Date: Fri, 26 Apr 91 11:38:10 EDT From: tighe at inmet.inmet.com (Michael Tighe) Subject: 2-liter bottles I have heard from releatively reliable sources (master of my brewing club) that the plastic 2-liter bottles which are used to contain carbonated beverages are not appropriate for storing alcoholic beverages (such as home-brew). The issue is that the alcohol causes some of the plastic bottle to be dissolved into the drink, making the drink slightly poisonous. I do know that there are various kinds of plastics and that they are graded (classified) for their use in the food and beverage industry. For instance, I have seen plastic bottles used for liquor (Scotch in a plastic bottle - how unasthetic!). REMINDER: THIS IS ONLY A QUESTION! I DON'T HAVE ANY FIRST HAND KNOWLEDGE! The reason I raise this question in this public forum and risk the nasty rumor business :-( is that I've been reading "homebrew digest" for a few months now, and I find the high level of intelligent discourse very pleasing. (Apart from the usual "my pub's better than yours" :-) discussions! - let me tell you about the ones in Boston!) I am sure there are people on this network who have more knowledge than I do about plastics and their interactions with alcohol, and I would appreciate a summary or some pointers to reference material which will allow me to resolve this question for myself (and my brewing club). Thanks in advance. Michael Tighe Intermetrics Microsystems Software Inc. Cambridge, MA 02138 (USA) email: tighe at inmet.inmet.com Return to table of contents
Date: Fri, 26 Apr 91 08:45:14 PDT From: Mike.Tuciarone at Eng.Sun.COM (Michael J. Tuciarone) Subject: Re: Homebrew Digest #624 (April 26, 1991) > From: krweiss at ucdavis.edu > > I've got a batch of beer which ended up sitting in the > secondary for a long time...Should I add fresh yeast before bottling, > to ensure carbonation? Nah. I made a pilsener that sat from Christmas to March, and not only did it carbonate fine, it was the best beer I ever made. I just last weekend bottled a brown ale that had been "resting" for six weeks, and it's carbonating OK as well. (It also tastes really smooth and nice...I'm beginning to notice a trend here. I wonder if my interpretation of the data is correct :-) Now I need to buy more carboys so I can age everything a couple of months before bottling. t Return to table of contents
Date: Fri, 26 Apr 91 12:10:52 -0500 From: zentner at ecn.purdue.edu (Michael Zentner) Subject: Bass Pro Shops brewing stove A few people asked me to post my experiences with my brewing stove from Bass Pro Shops after I had a chance to play with it a little bit. It came 7 days from ordering, using a credit card. Yesterday was the first chance I had to get out and get a propane tank, hence the delay. In appearance, it is quite comsmetic, since the whole thing is stainless steel. They do an amazing packing job getting it all to fit in the box, so some assembly is required. The assembly directions were lousy, but it really doesn't take too much to figure out from the schematic how things fit together. The 3 gallon stainless steel pot that comes with it is large diameter, thus somewhat "flat". Everything is included except the propane tank. You even get a hose with valve and 50 psi regulator. There are two heights for this thing, depending on whether you put on the extender legs or not. With the legs, the book says do not put more than 50 lbs on it. This translates to about 6 gallons of water, minus the weight of your kettle. I put on 5 gallons, and the thing still felt very sturdy, like it could go at least 2 more gallons. With just the short legs, the book says 150 lbs is OK, which ought to be more than sufficient (18 gal!) for most homebrewers. If you are expecting to buy one of these things to use in your kitchen, I'd advise against it. This is the second different "type" of high output propane burner I've seen, and neither would I use indoors unless VERY well ventilated. The legs on the model I have do not get hot, so burning your floor would not be a problem. I brought 5 gallons of water to boil (VERY strong rolling boil) in about 35 minutes on a very low setting. By very low, I mean the point where the flames were just barely licking out from under the pot. There certainly was a lot more heating ability if you turned the thing up higher, as verified by opening up full throttle in the absence of a pot. I'm not sure I'm impatient enough to try it on a real pot, though. These things will leave some black soot on the bottom of the pot, but that comes off of SS easily enough. I wouldn't use it in your favourite Calphalon stock pot, though :-). Again, if you really want to crank up the heat, you'll definitely have flames going up the sides of your pot (it takes a good amount of fire for a 170,000 BTU burner). And, as always, be safe with propane. The lady at the store was sure to remind me of the article in the paper that same day about the family out camping who stored the tank in their tent, and did not wake up the next day. All in all, for me, I think it was a worthwhile investment. I'll be doing my boiling mostly in the evenings, either in the garage or the back patio. Mike Zentner, who feels like he better just mention the keywords "copper tubing" just for kicks :-). Return to table of contents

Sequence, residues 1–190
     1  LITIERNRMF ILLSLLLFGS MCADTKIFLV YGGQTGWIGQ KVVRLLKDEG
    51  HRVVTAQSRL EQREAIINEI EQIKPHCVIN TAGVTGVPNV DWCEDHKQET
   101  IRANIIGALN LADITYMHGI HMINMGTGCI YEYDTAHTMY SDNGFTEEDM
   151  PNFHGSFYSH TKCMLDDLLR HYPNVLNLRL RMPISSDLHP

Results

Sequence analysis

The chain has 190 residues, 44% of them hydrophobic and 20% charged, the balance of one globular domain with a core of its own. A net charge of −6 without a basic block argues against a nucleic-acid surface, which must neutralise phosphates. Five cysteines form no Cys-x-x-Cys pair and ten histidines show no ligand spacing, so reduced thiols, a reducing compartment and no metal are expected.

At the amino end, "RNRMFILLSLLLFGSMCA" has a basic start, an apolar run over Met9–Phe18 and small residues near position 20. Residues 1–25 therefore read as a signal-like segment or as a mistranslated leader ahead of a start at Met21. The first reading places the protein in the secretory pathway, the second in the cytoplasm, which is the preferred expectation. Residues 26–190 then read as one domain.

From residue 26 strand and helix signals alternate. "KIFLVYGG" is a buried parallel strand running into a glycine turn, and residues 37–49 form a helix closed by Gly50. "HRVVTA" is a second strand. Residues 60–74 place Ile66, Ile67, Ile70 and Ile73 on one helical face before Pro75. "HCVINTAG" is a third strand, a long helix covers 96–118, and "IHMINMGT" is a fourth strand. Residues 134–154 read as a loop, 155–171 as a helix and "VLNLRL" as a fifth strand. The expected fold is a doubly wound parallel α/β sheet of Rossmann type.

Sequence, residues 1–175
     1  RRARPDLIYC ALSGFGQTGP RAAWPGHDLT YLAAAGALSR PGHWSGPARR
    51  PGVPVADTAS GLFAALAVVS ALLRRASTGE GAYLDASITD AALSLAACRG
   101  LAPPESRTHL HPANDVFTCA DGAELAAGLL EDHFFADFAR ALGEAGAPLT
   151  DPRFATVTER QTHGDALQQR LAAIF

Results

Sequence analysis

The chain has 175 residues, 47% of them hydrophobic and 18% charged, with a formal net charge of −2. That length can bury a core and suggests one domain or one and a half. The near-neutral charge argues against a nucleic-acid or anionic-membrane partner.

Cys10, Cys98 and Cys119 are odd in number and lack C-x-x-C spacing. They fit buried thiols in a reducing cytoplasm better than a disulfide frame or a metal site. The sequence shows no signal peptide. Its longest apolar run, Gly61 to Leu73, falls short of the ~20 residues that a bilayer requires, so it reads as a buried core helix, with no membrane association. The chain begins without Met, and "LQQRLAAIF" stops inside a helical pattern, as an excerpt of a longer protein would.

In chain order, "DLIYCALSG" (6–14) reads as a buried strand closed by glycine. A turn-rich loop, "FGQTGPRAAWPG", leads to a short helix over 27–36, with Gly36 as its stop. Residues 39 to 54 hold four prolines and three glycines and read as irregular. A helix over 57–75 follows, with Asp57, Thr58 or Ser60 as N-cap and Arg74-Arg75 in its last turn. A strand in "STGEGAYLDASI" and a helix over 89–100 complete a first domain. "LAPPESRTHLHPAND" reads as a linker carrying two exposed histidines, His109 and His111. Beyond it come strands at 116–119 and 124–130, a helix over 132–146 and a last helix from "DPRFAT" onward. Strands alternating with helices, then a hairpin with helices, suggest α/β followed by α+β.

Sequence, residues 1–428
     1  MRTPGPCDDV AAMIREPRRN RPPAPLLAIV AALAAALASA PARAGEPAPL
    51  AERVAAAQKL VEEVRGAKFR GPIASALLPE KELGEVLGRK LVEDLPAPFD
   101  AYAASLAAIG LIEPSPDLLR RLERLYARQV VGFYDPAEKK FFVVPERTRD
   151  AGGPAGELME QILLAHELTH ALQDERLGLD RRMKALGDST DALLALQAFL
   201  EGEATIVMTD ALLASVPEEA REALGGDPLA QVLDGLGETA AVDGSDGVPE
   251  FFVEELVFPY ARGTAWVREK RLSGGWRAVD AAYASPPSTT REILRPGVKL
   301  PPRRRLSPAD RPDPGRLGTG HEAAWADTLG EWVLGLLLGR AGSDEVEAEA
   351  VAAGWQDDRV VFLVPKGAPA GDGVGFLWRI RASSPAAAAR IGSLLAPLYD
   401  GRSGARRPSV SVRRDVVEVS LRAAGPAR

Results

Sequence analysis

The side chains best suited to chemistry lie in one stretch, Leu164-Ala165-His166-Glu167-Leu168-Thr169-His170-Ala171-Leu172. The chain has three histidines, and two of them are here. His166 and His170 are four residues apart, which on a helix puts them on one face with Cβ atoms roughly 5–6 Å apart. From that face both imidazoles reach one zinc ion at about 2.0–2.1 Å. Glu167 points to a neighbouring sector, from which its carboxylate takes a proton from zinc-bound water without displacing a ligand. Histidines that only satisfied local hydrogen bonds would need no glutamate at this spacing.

Date: 26 Apr 91 10:45:22 From: Rad Equipment <Rad_Equipment at rad-mac1.ucsf.EDU> Subject: To A. Dietz Reply to: To A. Dietz I sent this direct via e-mail, but it bounced so I'm sending it to the digest. It applies to any visitors to California anyway. Just contact me when the visit begins and I'll start you in the right direction. Once you get to SF, or CA for that matter, locate a California Celebrator for local list of places to drink beer and get beer news. I'd offer to send a copy out in advance, but there isn't time. There are several "tastings" going on in SF on the weekend of the 4th of May which I can explain better by voice. Russ Wigglesworth (415) 474-8126 (h) 476-3668 (w) Rad Equipment at RadMac1.ucsf.edu Return to table of contents